Sunday, 30 August 2009



Responding to the UK Government's proposals to abolish attendance allowance and disability living allowance Bill Kidd MSP for Glasgow has expressed concern that this will result in many vulnerable member's of society losing out as a result of it's abolition.

Attendence allowance is a tax free benefit for people with physical or mental disabilities or who are deaf, blind or partially sighted and who need assistance, for example with personal care.

For many people Attendance Allowance has become a lifeline and has enabled them to receive the care they require, without it many people would find it hard to survive with the pressures that their condition has brought.

However the UK Government has proposed scrapping the allowances in favour of centralising the funds, a move which many say is in order to plug an ever growing funding black hole at the centre of social services in England.

As a result numerous charities such as the well respected Royal National Institute for the Blind (RNIB) have expressed serious concern over the proposals and are actively campaigning to save the attendance allowance.

Commenting on the proposals Bill Kidd MSP said:

"As we have seen faced with the need to cut costs the UK Government has once again opted to punish those most in need of assistance. It is little surprise that this 'Labour' Government has lost the trust of the people when we see it attempt to remove the very help which so many rely upon for their health and wellbeing.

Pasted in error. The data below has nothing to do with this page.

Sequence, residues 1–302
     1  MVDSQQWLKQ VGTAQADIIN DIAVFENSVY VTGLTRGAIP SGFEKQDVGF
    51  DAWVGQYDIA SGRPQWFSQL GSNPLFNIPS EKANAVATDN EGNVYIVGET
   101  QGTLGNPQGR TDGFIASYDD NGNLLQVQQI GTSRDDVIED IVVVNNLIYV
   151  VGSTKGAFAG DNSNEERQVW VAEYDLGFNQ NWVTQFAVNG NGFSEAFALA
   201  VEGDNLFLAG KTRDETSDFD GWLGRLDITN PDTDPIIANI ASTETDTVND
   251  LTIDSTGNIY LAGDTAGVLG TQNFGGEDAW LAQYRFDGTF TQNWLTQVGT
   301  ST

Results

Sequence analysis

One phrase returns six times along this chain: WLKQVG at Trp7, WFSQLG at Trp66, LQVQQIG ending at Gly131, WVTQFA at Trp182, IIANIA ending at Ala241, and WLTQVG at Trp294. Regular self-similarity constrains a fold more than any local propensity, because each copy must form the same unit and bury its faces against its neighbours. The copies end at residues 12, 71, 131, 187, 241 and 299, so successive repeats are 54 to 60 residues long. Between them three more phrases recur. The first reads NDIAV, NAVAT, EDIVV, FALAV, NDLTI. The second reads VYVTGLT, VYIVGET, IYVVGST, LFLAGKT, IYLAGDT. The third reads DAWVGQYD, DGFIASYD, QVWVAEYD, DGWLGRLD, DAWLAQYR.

"What's more this move is spectacularly short sighted when we consider the benefits of the Attendance Allowance and the consequences of its scrapping. Many people gain independence and the ability to lead as normal a life as possible as a result of the allowance, who if denied it would require more intensive care resulting in ever increasing costs.

"In my duties as Disability Reporter for the Scottish Parliament's Equal Opportunities Committee I have seen first hand how this allowance has changed people's lives, some who had reached a point of despair in their struggle to survive were given a new lease of life, and having seen this change, the difference it had made to their lives, I was proud to have witnessed that.

"This is why I would urge the UK Government to abandon these plans and listen to the concern of the various charities and member s of the public who have expressed their concern over the effect these changes will have on some of the most vulnerable members of society."

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